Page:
(RNN) - Pets provide comfort and companionship to those who care for them, but traveling with one is often added stress to an already stressful process, especially during the Holiday season.
With many families planning to travel on or around Thanksgiving, being prepared ahead of time is crucial.
Once you determine if holiday travel is something your pet will enjoy, it is time to consider safety.
Since the majority of people travel with pets by car, it is important to prepare before hitting the road.
Pet expert for America Now, Luciano Aguilar, suggests pets should be secured in a crate, a specially designed harness, or seat belt behind the front seats.
He said proper restraint avoids any interference with the driver and prevents distractions.
"A split second distraction can be disastrous," Aguilar said. "One of my biggest pet peeves is a loose dog jumping around the car while I'm driving. I hear it from dog owners all the time."
He suggests treating your pets as you would a human baby or family member.
"You never know what can happen, so it's best to be prepared," Aguilar said. "You'd never let your child roam around your car while driving, so make sure the four-legged member of your family is just as safe. Cuddling and jumping can come later once you've arrived safely at your destination."
Many states are now encouraging drivers to restrain dogs when traveling by car.
Arizona, Connecticut, Maine and New Jersey are issuing $250 to $1,000 fines for drivers who are caught with their dogs in their lap. But New Jersey is the first state to have issued a bill that would require pets to be secured in some sort of restraint.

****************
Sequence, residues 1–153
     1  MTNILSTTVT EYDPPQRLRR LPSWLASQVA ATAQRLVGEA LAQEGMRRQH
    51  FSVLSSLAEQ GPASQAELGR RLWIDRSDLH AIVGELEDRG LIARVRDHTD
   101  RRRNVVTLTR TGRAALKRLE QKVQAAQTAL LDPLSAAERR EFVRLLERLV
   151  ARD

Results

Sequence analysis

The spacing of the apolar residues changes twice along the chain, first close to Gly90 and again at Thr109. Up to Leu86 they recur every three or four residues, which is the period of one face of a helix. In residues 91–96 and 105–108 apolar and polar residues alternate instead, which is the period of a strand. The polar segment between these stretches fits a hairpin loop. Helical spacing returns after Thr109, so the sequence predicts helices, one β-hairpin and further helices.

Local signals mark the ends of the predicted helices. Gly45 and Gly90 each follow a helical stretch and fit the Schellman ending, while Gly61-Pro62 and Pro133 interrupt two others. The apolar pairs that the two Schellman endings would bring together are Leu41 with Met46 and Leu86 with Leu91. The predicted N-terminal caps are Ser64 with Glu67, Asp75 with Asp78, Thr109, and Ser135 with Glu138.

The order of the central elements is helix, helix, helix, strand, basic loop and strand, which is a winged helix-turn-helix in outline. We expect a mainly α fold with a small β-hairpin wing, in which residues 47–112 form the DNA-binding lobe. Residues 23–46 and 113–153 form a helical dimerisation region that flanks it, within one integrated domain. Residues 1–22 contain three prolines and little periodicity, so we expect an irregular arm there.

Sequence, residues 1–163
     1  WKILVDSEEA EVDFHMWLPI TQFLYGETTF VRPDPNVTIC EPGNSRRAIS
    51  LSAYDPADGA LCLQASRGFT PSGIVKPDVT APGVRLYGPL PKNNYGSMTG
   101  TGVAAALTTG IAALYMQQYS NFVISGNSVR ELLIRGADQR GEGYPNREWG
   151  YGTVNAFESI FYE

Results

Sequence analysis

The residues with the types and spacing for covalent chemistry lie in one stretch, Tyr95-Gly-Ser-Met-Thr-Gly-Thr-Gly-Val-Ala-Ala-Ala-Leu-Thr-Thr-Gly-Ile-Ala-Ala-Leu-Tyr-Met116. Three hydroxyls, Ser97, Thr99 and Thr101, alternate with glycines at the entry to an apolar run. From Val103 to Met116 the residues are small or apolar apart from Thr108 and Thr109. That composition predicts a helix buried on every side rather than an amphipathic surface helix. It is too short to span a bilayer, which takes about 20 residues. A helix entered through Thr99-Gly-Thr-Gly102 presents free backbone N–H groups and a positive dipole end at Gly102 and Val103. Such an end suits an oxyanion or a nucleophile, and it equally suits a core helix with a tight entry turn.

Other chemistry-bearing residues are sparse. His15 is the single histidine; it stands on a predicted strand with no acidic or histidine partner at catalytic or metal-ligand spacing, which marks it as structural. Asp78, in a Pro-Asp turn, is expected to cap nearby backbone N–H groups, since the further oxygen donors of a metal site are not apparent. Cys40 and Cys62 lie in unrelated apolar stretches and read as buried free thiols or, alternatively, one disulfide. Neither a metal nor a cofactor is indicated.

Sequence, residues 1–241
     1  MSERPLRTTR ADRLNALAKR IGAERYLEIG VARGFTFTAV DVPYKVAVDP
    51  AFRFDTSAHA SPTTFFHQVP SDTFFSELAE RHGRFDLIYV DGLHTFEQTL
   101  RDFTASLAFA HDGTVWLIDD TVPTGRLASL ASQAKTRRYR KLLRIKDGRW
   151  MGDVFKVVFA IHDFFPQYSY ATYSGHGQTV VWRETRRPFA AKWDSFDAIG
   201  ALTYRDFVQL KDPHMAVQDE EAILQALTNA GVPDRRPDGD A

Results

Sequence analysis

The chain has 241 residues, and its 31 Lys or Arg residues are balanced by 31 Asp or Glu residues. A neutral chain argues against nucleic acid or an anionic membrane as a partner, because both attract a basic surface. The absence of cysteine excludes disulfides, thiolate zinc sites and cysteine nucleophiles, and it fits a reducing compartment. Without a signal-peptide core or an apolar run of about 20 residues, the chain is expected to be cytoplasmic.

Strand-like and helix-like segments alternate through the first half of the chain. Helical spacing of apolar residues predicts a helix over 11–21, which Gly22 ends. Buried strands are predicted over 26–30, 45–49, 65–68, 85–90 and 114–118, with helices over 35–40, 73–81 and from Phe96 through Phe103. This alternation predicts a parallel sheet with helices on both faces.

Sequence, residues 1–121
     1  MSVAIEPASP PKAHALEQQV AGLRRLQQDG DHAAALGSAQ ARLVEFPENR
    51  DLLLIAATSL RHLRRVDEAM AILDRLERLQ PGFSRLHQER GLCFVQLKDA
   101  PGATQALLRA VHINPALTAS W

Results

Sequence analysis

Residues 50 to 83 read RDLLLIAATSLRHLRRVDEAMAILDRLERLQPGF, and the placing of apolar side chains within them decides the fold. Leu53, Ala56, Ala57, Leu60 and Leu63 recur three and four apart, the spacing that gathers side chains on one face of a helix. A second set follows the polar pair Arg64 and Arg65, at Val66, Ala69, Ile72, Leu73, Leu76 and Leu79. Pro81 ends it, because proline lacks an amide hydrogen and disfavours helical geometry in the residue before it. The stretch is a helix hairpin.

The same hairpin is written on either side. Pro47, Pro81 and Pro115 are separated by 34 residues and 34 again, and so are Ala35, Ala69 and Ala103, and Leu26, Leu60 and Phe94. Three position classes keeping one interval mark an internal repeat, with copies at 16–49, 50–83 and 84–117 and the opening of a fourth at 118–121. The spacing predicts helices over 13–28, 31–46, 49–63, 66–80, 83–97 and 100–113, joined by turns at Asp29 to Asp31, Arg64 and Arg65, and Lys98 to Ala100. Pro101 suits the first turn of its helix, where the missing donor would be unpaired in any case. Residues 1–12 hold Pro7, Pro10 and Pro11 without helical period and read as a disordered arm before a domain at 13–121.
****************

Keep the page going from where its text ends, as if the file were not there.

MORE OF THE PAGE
Many other states are in the process of pushing through legislation, comparing driving with a dog in your lap to texting while driving or driving under the influence.
Traveling by air has its own set of challenges, so bringing a dog into the mix can get complicated.
The U.S. Department of Transportation estimates that more than 2 million pets and other animals are transported by air each year.
Preparation is key when planning to bring a dog onboard. Airlines vary in policies on transporting pets.
For example, bulldog breeds and pit bull types aren't allowed in cargo on some airlines. Others have weight restrictions.
Aguilar said to make sure your pets fly with an identification tag on their collar and a labeled carrier which includes flight information and emergency contact numbers.
Fees also vary from airline to airline depending on whether your pets ride as a carry on or in cargo.
Heat exhaustion is one concern when going the cargo route with changing temperatures and air pressure.
Also, traveling during busy holidays can cause stress to an animal you're bringing onboard making for an uncomfortable ride for your pets.
"Nobody likes a crying baby on a plane, but it's kind of expected," Aguilar said. "A barking or whining dog is not. Be prepared to get some dirty looks or complaints from other passengers if you can't control your dog."
Getting a pet onboard a plane takes a lot of planning, so make sure it's the right choice for you and your family.
"Like parents of small children, you have to decide if flying with your dog is something you really want to do," Aguilar said. "Consider the added expense, effort and anxiety it can cause and decide what's best for you and for the pet."
Check Petflight.com for individual airline safety rules involving pets.
Finally, since the holidays are hectic for everyone, schedule some sanity time to do things that both you and your pet will enjoy.